Whose words are they, anyway? Visiting 'Elizabeth and Mary: Royal Cousins, Rival Queens'
In this blog, Clodagh Murphy reflects on her recent visit to "Elizabeth and Mary: Royal Cousins, Rival Queens" at the British Library. The first exhibition to consider both queens jointly, "Elizabeth and Mary" tells their remarkable story through the queens’ ‘own words’.
Earlier this month, I had the chance to visit the British Library’s blockbuster exhibition Elizabeth and Mary: Royal Cousins, Rival Queens (running until 20 February 2022). The exhibition is a unique opportunity to see a dazzling array of treasures associated with the queens and their relationship, such as the breathtakingly intricate ‘Marian Hanging’ embroidered by Mary during her long imprisonment in England, Elizabeth’s locket ring, which contains portraits of her and her mother Anne Boleyn, and the Penicuik Jewels, given away by Mary at her execution and preserved in her memory.
But it was the decision to tell the queens’ story through their own words that most piqued my interest. As John Guy points out in the exhibition catalogue, Elizabeth and Mary never met (despite doing so on screen, such as in Josie Rourke’s 2018 Mary Queen of Scots): instead, they ‘were forced to conduct their relationship through their letters or the speeches of their ambassadors’ (Guy 2021). Lead curator Andrea Clarke explains that ‘these thrilling documents, written in the queen’s own hands and in their own words’ therefore ‘form the narrative backbone of the exhibition’ (Clarke 2021). But what, exactly, are these queens’ ‘own words’? We know that documents such as letters might have been drafted by or devised alongside secretaries, and that one cannot therefore assume that words written in the queens’ hands or names are always their own unmediated compositions. This problem is central to my own research in the FEATHERS project, examining secretarial influence on Elizabeth I’s English scribal letters.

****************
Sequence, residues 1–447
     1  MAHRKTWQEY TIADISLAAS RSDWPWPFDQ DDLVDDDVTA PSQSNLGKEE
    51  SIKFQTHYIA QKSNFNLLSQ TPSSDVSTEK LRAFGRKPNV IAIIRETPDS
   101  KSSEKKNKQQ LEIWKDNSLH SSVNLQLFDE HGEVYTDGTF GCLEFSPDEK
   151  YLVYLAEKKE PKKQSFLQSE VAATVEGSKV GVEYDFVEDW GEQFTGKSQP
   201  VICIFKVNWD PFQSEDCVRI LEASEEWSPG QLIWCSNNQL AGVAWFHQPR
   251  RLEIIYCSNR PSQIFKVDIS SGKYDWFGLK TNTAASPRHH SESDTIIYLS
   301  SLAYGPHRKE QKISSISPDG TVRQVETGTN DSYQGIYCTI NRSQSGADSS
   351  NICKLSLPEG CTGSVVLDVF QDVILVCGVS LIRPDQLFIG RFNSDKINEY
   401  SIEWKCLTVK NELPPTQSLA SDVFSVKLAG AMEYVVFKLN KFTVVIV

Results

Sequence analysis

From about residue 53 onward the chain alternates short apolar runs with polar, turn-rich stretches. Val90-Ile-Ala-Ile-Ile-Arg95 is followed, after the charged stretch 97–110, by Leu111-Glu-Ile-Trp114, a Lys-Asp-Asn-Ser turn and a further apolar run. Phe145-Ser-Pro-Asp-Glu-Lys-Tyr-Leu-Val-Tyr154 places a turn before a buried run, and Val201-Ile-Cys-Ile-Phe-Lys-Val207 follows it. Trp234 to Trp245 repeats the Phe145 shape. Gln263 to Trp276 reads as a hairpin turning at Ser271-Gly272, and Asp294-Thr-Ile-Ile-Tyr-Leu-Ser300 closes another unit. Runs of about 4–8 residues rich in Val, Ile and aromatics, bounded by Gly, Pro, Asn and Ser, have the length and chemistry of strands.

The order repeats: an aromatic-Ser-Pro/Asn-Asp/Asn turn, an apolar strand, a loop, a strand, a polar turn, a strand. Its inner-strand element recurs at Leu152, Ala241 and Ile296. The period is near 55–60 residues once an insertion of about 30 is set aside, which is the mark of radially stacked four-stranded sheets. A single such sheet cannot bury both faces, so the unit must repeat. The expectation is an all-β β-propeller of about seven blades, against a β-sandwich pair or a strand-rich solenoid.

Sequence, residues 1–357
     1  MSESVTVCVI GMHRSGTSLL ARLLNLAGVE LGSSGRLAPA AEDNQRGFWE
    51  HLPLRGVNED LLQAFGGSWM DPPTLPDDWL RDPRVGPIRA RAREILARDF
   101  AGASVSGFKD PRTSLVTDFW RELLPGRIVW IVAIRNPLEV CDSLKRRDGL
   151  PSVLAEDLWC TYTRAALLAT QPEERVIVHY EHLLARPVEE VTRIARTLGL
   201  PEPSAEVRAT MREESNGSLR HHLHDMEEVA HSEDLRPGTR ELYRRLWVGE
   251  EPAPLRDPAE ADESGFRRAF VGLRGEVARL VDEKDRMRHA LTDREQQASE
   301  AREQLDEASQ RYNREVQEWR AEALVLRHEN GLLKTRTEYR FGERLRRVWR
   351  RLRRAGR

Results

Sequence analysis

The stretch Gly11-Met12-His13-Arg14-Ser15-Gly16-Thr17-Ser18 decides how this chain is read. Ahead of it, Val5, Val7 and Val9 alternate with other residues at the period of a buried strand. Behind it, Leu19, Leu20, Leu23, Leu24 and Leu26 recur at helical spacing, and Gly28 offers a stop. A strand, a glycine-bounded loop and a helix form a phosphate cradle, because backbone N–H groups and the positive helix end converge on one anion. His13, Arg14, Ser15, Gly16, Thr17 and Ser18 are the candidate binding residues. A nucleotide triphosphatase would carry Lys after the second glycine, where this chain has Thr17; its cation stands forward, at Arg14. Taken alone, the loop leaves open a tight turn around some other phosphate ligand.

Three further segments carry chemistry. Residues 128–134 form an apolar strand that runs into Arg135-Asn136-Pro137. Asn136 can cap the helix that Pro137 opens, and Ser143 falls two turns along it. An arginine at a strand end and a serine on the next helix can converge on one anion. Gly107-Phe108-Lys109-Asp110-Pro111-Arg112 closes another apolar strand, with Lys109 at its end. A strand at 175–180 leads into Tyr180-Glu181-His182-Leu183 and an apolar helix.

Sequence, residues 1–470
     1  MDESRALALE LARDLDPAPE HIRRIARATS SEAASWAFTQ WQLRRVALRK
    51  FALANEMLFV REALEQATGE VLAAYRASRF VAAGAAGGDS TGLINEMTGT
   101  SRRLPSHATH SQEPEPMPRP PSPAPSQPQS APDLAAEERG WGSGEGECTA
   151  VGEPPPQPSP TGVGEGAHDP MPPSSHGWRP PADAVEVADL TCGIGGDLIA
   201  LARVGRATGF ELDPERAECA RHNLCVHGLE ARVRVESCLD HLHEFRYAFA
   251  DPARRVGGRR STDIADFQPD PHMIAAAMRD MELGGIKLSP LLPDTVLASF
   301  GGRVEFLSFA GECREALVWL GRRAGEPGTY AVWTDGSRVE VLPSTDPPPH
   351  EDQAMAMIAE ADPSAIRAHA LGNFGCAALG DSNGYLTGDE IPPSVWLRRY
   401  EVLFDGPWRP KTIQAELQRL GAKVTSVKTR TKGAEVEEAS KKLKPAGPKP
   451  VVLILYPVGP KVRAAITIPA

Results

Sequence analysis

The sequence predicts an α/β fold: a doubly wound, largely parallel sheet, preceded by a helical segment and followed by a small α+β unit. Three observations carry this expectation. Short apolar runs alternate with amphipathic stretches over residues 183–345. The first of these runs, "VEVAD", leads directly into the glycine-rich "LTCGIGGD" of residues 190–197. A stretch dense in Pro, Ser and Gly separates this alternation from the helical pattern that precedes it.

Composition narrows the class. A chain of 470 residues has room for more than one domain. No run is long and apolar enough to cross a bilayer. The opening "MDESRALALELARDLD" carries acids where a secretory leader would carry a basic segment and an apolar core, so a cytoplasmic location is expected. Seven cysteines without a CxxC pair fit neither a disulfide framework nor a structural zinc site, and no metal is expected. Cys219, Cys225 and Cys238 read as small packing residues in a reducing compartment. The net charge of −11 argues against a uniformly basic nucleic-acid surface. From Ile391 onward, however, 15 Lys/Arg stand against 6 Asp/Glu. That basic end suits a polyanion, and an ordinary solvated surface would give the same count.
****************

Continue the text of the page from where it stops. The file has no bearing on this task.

A stunning array of texts are on display, many drawn from the British Library’s own extensive manuscript collection, and others on loan from other institutions such as the National Archives. The chance to encounter such historically important documents, such as Elizabeth’s ‘Tilbury Speech’ and the ‘Tide Letter’, in their original manuscript forms is thrilling, and in doing so the visitor can often see the queens’ words in the process of being shaped. The autograph drafts of Elizabeth’s 1563 and 1567 speeches to parliament are on display, and her working copy of her 1586 speech, written in a scribal hand with edits by the queen, provides a glimpse into the often collaborative nature of textual production.
Elizabeth and Mary brings these words to life. They are amplified visually: quotations are displayed on the walls of the exhibition space, serving as miniature transcriptions and narrative signposts, such as Mary’s plea to Elizabeth ‘I am your cousin, the closest you have in the world’.
The queens’ voices are amplified aurally, too: via a hands-free speaker, I listen as ‘Mary’ informs Elizabeth of her arrival in England, and hear Elizabeth announce her ‘heart and stomach of a king’ to another visitor further along. The desire to not be heard is exhibited, as well: Mary’s ciphered letter to the Duke of Norfolk (with whom she conspired to marry behind Elizabeth’s back) is on display, as is the ‘Babington’ cipher, the fatal decoding of which caught Mary in the act of treason and facilitated her execution. The cipher is decoded and explained to the visitor through a digital display, granting them access to this deliberately (but ultimately unsuccessfully) inaccessible text.